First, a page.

The Collateral Casualties of Collaboration: The Consequence for Civil and Human Rights of Transnational Intelligence Sharing
University of Ottawa - Common Law Section
March 5, 2009
The sharing of intelligence information between and among states is among the most important intelligence practices in the post-9/11 era. Its value from a national security perspective is clear: no one state is so omniscient that it has access to all the intelligence information relevant to its national security interests. This observation is even more pertinent in a period in which the focus on terrorism has prompted increased consumption of intelligence shared with and between the states from which Islamist terrorists operate. At the same time, intelligence information sharing presents serious challenges to key values animating democratic societies. Intelligence sharing lay at the heart, for example, of the comprehensive Canadian public inquiry into the precipitous and unorthodox removal in 2002 of Canadian citizen Maher Arar by the United States to Syria, and his subsequent imprisonment and torture in that country. The Arar matter, read with an eye to other proceedings, suggests a number of collateral impacts associated with intelligence sharing. First, intelligence sharing - especially that which implicates human rights-abusing states - may actually induce violations of fundamental rights and freedoms. Second, even within democratic societies, intelligence sharing risks further undermining the already fragile public rights to information in national security matters that exist under freedom of information laws or under the due process standards applied in court proceedings. Third, information is inherently fungible, and national systems designed to guard how it used may prove ineffective once that information is in international circulation. This paper tests these assertions, drawing examples [in this draft] primarily from the Canadian experience. Part I examines the scope and legal basis of intelligence information sharing. Part II then assesses several implications of information sharing for civil and human rights. The chapter concludes by highlighting what Hans Born has called the accountability gap - the national focus of review and accountability bodies in an era of enhanced cooperation between intelligence agencies. It joins his call for redoubled review body cooperation as a partial means of overcoming the collateral consequences of intelligence sharing.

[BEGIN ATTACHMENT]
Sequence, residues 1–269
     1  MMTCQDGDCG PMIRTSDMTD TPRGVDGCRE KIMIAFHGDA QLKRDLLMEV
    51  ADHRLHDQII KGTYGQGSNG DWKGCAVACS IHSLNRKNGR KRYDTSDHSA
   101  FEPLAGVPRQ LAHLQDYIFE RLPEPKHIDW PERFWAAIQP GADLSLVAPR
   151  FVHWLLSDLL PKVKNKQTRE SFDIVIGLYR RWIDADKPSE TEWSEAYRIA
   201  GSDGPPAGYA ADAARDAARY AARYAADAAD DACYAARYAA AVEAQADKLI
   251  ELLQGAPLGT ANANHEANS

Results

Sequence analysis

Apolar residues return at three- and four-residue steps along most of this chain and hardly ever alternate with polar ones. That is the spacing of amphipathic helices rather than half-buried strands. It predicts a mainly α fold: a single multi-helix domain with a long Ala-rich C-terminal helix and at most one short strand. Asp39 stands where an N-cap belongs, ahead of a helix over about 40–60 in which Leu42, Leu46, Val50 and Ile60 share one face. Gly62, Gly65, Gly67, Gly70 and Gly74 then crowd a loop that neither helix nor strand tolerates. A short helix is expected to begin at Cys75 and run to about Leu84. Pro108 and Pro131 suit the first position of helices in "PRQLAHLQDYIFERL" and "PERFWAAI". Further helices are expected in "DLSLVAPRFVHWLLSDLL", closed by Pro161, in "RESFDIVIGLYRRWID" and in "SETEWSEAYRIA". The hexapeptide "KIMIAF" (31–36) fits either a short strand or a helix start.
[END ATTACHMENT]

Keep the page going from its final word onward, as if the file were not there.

Number of Pages in PDF File: 25
Keywords: intelligence sharing, terrorism, national security, privacy, human rights, torture, intelligenceworking papers series
Date posted: March 6, 2009
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